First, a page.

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A Skytrain is pictured in transit in downtown Vancouver, British Columbia on June 5, 2016. (Ben Nelms for The Globe and Mail)
A Skytrain is pictured in transit in downtown Vancouver, British Columbia on June 5, 2016. (Ben Nelms for The Globe and Mail)

B.C. to match federal funds of $2.2-billion for Metro Vancouver transit Add to ...

British Columbia’s Liberal government announced on Friday that it will match the $2.2-billion the federal government has promised for transit in the Lower Mainland, reversing the province’s stand from just nine days earlier.

“We will be matching the Trudeau government dollar for dollar …” said Peter Fassbender, the minister responsible for the transportation authority TransLink. “That’s $4.4-billion.”

The reversal means provincial and federal money will cover about 80 per cent of the costs of major projects, including a new subway line along Vancouver’s busy Broadway corridor and a light-rail transit system in Surrey and Langley. It sends municipalities into a scramble to come up with the remaining share.

The Opposition NDP quickly dismissed the announcement as cynical pre-election politics, saying Christy Clark’s government has done nothing but stall transit improvements for four years.

Local mayors were more diplomatic, saying they welcomed the province’s change of direction. “I think they heard the message,” Surrey Mayor Linda Hepner said.

Ms. Hepner and other mayors had expressed disappointment last week when Finance Minister Mike de Jong insisted the province would stick to its formula of providing for one-third of major projects, despite the federal government’s budget promise to increase its share to 40 per cent. Mayors had asked the province to provide a share equal to the federal money, but Mr. de Jong was adamant that cities would have to make do.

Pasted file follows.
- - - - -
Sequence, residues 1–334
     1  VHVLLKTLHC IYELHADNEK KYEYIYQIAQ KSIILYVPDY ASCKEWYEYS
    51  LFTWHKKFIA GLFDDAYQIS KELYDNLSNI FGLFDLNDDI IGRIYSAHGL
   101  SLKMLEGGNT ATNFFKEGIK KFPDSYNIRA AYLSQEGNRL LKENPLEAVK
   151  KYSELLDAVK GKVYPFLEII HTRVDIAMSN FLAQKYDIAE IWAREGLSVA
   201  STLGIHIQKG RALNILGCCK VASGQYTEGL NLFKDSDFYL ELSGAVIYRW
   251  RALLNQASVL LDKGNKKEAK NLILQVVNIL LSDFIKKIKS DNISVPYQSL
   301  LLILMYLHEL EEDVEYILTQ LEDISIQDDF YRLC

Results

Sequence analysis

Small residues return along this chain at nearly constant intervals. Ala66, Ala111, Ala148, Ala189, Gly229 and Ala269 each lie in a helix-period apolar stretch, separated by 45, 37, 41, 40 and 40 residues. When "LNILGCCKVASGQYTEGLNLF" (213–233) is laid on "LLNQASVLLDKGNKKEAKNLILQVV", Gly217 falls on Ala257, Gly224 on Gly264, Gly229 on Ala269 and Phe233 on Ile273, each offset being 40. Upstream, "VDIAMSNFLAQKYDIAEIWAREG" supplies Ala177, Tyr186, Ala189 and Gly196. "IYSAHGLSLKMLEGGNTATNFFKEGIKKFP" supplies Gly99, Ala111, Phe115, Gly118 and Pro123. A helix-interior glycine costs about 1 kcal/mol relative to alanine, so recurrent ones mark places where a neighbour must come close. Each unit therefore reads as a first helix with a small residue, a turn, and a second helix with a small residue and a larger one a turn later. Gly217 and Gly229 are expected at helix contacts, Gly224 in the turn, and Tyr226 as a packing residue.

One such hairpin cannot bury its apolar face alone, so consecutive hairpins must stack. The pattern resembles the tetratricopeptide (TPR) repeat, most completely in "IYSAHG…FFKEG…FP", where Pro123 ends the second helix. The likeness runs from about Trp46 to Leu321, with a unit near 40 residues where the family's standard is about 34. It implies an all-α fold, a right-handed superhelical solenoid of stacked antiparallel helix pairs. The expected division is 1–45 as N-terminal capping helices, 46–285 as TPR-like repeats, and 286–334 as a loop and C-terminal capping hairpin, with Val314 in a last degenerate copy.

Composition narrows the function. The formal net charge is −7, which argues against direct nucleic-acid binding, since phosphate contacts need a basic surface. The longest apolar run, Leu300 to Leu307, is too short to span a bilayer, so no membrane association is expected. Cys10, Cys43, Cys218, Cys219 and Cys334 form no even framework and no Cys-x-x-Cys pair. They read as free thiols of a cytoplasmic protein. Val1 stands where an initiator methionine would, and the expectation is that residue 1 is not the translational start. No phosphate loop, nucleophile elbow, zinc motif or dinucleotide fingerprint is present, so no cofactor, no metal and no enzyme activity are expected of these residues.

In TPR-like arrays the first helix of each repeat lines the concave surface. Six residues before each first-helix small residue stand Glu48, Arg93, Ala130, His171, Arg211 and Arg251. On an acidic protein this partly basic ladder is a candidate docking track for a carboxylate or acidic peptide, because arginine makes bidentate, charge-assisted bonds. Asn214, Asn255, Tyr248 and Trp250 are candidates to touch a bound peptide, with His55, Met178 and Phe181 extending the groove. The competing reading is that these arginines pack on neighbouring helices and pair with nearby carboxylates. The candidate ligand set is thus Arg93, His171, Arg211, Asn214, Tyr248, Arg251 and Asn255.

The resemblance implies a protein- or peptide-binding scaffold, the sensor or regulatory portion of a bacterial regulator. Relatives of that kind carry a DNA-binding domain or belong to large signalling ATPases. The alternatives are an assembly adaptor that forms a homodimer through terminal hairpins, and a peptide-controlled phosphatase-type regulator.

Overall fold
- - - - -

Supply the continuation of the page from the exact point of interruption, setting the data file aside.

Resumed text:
Ms. Hepner said she was also relieved the province is committing to a dollar figure of $2.2-billion, rather than a percentage, which provides more security as TransLink now moves forward into procurement.

New Westminster Mayor Jonathan Coté called it a “significant shift” by the provincial government that helps fill in one large gap in the mayors’ transit plan, a 10-year expansion project that was priced at $7.5-billion when it was first in development three years ago. A replacement for the Pattullo Bridge between New Westminster and Surrey is not included in the funding announced so far.

Under a 33-per-cent commitment, the province potentially would have put in only $1.8-billion rather than the $2.2-billion Mr. Fassbender announced.

Promising a dollar number rather than a fixed percentage of the whole project gives both levels of government built-in protection if the costs increase.

When asked by reporters why the province had changed its stand so quickly, Mr. Fassbender said that “we had to do an analysis and we’ve done that work.” Mr. de Jong did not say any such consideration would be done when he responded on the day the federal budget was released.

However, NDP MLA Harry Bains, from the Surrey-Newton riding, said the last-minute change of heart, just before the election writ is about to drop, is playing politics.

“This Premier decided to play politics before by sending this whole issue to a referendum that was very divisive,” he said. “Four years later, we have nothing to show for it south of the Fraser. Everyone suffered as a result of her lack of leadership.”

Now, he said, the Premier is just hoping people will forget that she did nothing for four years.

One question that is still unresolved with the transit funding is how to pay for the final 20 per cent of the mayors’ plan, which is not covered by any current federal, provincial or regional commitments.

Mr. Fassbender said his ministry staff is willing to work with mayors on that. Mayors want a development-cost charge on new buildings that could be dedicated to transit. That would need provincial approval.

Mayors have said they want to move to a system of mobility pricing – which would charge drivers according to how far or where they drove in the region.

But Mr. Fassbender has said the province needs to get more information on the specifics of that before considering whether it is the right way to go.

Mr. Coté said mayors are creating a “mobility-pricing commission” that will study the different possibilities and make recommendations. The recruitment is happening now for the commission and he said everyone is hoping it can begin work in June.

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